Insurance for global sharing economy must advance – Marsh

Expansion of the global sharing economy and mobility sector could stall if insurance doesn’t keep pace

Insurance for global sharing economy must advance – Marsh

Insurance News

By Ryan Smith

Growth in the global sharing economy and mobility sector will stall if insurance does not evolve, according to a new report from Marsh.

In order to support the accelerating changes in the sector, new forms of insurance – including programs to support gig workers at scale – will need to be created, according to Marsh’s new report, Mobility in a post-pandemic world: From evolution to revolution. The report analyses the global trends that will shape the sector over the next 12 to 18 months.

The COVID-19 pandemic is reshaping mobility patterns and the sharing economy around the world, Marsh said. Mobility habits – such as the surge in last-mile delivery and the increasing popularity of e-scooters – will continue to evolve quickly over the next 18 months, according to the report. However, if insurance fails to evolve in kind, progress could be stalled.

The report outlines several trends that are creating opportunities for the evolution of insurance, including supporting gig workers at scale.

“While the concepts of self-employment and independent contractors are not new, digital companies providing wheel-based services have accelerated access to this kind of work and highlighted the deficiencies in a social safety net to support them should they be injured on the job and lose income,” Marsh said.

In the same way that digitised payments can result in digitised risk, digitised income can lead to a form of distributed portable benefits supported through a combination of private industry and public programs, the report said.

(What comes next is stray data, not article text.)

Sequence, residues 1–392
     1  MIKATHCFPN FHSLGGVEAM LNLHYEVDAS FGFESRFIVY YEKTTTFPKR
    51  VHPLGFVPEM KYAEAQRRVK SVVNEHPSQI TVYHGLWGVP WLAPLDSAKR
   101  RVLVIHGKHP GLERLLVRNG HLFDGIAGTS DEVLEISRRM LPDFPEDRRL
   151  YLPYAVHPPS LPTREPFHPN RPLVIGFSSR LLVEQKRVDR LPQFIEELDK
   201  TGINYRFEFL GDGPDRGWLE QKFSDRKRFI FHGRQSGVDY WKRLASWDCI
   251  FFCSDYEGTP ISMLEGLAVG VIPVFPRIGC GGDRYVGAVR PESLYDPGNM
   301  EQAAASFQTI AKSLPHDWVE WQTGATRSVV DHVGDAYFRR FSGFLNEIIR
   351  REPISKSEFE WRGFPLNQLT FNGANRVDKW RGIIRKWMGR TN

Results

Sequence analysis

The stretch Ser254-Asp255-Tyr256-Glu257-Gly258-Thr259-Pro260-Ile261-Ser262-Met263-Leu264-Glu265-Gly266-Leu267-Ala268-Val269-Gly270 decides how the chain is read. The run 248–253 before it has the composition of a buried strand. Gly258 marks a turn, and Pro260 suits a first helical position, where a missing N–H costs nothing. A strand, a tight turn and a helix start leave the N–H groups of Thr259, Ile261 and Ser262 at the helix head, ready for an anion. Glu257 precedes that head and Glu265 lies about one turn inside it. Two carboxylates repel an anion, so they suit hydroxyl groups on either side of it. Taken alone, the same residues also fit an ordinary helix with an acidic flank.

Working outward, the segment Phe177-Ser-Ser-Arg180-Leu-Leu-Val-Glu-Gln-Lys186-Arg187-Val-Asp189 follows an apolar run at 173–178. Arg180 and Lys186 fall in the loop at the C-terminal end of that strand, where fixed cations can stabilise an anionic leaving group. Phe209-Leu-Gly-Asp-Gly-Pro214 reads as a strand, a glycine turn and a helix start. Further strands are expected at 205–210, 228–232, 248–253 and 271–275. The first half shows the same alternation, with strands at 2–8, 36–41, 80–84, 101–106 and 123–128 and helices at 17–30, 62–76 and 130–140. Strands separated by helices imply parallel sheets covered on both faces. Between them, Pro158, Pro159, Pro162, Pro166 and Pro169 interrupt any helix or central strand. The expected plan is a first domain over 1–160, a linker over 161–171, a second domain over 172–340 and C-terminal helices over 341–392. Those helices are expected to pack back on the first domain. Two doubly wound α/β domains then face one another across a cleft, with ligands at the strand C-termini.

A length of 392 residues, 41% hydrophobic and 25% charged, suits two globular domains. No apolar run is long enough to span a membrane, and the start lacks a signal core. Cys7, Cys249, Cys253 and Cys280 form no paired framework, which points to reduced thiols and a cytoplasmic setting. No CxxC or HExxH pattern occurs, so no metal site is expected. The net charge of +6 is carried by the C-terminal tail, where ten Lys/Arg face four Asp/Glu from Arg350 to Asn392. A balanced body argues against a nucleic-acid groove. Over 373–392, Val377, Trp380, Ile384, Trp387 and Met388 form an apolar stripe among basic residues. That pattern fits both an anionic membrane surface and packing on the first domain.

Advanced sensor technology that can track human driving behaviour is also creating opportunity, Marsh said. A number of original equipment manufacturers (OEMs) are investing in their own early-stage, in-house insurance companies, taking advantage of new sensor-enabled electric vehicles. With OEMs offering personal auto liability and motor insurance at the point of sale and rewarding safe driving behaviour based on the data they collect, traditional insurers may find themselves “on a burning platform, with an acute need to evolve,” the report said.

The increased use of digital payments for different modes of transportation, from e-scooters to ride-sharing services, will also lead to the creation of new insurance products, it added. The use of data from individual digital journeys creates the opportunity for real-time, on-demand insurance.

“It is remarkable how the pandemic has accelerated the adoption of new mobility habits around the world,” said James Rose, head of Marsh’s US Sharing Economy and Mobility Centre of Excellence. “What hasn’t changed, however, is the need for society to trust that these modes of transport are safe. Insurance is essentially a ‘promise to pay,’ and as such, plays an essential part in the trust dynamic that facilitates permission to operate and protects the platform and the user where responsibility for risks may not be clear. If insurance can keep pace and evolve with this accelerating mobility shift, it can empower growth and possibility in this sector for many years to come.”

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